Thursday, February 28, 2008


There are few places left in the world that have avoided the inevitable. Surely, the potential developer thinks, this should be a Home Depot parking lot or an overpriced, contemporary apartment complex with "green" features and a built-in california vegan bistro for the conscientious, young money makers-all with a stunning panoramic ocean view... The Marin Headlands is one of these places which has remained intact. Situated on a bare, shrubbed, and hilly outcropping of land between the Pacific and the San Fransisco Bay, this place has a humbling scale that makes one feel they might be the last folks on earth as they pass through it. If you've crossed the Golden Gate Bridge heading north, you've driven by them. Seperated by a couple of mountains from the rest of the Bay area's massive sprawl, John Muir, legendary environmental activist (along with some sorcery, surely) kept the Marin Headlands preserved and free of our consumer needs. However, it does harbor the Headlands Center for the Arts, which is a jewel amongst art residencies. Kendra, Osa, and I took a little field trip to explore what is happening in this quiet place which is churning out loud and potent and funny and thoughtful art by people from all over the world. What we found affirmed our notions that this is a special place. The bathrooms are kept bare boned and institutional yet they have video performance pieces set up in the corners and toilet installation art that would have made Duchamp himself envious. Much of the original integrity of the buildings (formerly a fort) has been left intact and therefore has a worn, layered effect where one can imagine the shoe soles striking the stairs and the countless hands pushing doors to studios open- all of which exposes layer after layer of it's history. The kitchen was designed by Ann Hamilton. There are two light filled galleries across the hall from one another. These galleries support the work of the resident artists. Some of our favorites included an ariel view of a few blocks in San Fransisco made out of jello built atop a light table which made all the colors of jello buildings glow and edges soften in the warmth. There was also a trio of life size deer made entirely out of irish spring soap, bringing to mind certain gardeners' solutions for keeping deer out of their flora. This large rainbow on the floor is the result of the artist's and friends' gatherings from one day on a beach nearby.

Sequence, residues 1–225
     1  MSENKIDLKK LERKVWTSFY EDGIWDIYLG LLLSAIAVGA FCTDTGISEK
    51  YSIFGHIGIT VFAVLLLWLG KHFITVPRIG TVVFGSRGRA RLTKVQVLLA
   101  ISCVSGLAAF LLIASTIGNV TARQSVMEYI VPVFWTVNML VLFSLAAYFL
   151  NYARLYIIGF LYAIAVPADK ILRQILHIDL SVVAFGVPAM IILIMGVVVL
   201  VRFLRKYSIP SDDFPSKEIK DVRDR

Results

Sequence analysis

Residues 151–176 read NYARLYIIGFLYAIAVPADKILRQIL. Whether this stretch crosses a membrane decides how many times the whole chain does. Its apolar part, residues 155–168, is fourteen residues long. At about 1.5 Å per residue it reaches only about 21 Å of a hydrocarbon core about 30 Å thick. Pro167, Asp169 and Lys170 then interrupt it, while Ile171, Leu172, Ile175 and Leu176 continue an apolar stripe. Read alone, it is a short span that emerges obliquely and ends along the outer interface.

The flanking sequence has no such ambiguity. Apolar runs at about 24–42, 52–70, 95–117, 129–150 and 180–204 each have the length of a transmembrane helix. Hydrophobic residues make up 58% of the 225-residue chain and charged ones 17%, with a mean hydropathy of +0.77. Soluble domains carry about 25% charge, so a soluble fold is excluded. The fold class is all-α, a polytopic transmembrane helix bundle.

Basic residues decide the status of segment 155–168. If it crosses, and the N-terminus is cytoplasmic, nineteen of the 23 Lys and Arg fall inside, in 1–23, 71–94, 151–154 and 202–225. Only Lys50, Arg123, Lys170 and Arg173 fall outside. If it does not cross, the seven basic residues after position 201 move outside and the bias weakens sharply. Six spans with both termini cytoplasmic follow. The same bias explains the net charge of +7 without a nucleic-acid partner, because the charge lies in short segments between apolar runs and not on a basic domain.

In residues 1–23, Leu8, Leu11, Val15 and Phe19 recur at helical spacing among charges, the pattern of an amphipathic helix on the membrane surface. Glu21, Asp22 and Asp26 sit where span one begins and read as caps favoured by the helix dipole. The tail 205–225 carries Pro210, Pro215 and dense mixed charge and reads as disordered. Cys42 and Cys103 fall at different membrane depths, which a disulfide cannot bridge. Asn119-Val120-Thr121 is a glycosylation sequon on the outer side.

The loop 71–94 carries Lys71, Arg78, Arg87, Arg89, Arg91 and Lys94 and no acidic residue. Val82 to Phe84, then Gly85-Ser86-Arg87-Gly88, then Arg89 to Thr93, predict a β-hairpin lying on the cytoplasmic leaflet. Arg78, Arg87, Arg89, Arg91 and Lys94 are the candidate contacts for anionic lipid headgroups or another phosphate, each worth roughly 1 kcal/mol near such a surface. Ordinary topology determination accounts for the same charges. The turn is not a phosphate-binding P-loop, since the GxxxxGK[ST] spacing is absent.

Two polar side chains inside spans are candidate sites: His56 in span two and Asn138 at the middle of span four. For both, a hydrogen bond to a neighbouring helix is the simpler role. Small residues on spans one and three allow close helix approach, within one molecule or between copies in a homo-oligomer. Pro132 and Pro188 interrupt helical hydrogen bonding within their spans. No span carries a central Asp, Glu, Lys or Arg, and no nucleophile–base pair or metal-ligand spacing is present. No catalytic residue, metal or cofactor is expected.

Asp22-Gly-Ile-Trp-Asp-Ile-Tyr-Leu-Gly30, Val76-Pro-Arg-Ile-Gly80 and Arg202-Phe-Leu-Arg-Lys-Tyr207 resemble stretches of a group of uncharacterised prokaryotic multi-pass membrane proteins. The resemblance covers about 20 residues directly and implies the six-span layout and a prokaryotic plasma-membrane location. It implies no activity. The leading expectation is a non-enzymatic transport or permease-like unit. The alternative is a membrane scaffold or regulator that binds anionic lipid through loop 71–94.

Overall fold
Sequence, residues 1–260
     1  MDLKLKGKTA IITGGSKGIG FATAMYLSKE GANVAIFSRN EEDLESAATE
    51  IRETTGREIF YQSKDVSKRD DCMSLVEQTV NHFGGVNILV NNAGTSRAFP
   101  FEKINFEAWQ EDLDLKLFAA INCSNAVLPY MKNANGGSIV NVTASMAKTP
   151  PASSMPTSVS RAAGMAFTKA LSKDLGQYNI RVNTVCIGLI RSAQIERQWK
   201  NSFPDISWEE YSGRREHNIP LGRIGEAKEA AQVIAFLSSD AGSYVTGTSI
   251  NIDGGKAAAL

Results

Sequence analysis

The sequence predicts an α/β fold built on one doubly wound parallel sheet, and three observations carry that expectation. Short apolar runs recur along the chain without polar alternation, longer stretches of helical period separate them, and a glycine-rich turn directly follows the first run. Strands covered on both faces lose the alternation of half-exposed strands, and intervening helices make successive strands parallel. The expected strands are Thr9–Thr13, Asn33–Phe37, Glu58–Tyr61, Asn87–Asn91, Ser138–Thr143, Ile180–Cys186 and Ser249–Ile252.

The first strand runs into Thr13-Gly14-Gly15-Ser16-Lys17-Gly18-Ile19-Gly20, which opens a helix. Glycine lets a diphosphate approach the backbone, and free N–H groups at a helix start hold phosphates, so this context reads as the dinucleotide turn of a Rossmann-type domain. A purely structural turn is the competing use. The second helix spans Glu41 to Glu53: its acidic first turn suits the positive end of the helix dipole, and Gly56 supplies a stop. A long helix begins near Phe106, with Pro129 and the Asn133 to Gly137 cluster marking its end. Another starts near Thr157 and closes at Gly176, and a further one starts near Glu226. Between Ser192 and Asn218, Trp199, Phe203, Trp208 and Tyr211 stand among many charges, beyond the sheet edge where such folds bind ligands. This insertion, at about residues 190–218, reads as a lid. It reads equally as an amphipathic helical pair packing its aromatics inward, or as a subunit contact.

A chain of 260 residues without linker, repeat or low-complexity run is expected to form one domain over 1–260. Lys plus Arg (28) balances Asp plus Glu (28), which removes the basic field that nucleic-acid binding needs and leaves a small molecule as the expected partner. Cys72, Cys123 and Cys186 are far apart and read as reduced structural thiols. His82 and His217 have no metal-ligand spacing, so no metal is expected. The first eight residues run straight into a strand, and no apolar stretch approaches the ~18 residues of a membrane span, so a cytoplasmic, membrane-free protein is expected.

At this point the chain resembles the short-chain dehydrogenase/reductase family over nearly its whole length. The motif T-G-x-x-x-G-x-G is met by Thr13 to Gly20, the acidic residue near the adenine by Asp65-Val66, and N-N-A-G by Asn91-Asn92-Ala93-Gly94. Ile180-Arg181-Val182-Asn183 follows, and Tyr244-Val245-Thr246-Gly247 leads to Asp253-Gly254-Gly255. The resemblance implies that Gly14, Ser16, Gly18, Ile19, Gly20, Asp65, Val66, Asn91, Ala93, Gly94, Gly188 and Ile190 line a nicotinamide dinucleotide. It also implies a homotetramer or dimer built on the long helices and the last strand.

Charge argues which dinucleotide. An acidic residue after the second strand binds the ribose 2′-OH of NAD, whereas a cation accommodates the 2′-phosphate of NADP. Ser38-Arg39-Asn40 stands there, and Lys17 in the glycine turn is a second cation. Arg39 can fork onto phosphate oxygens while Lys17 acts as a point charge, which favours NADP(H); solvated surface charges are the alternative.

So much of art becomes product for sale. It is refreshing (and intimidating) to see art that is made without consideration of compensation. Instead, making something simply to communicate, which at the end of the day is the point often missed.

1 comment:

tracy said...

Okay, that's the best use of jell-o I've ever seen!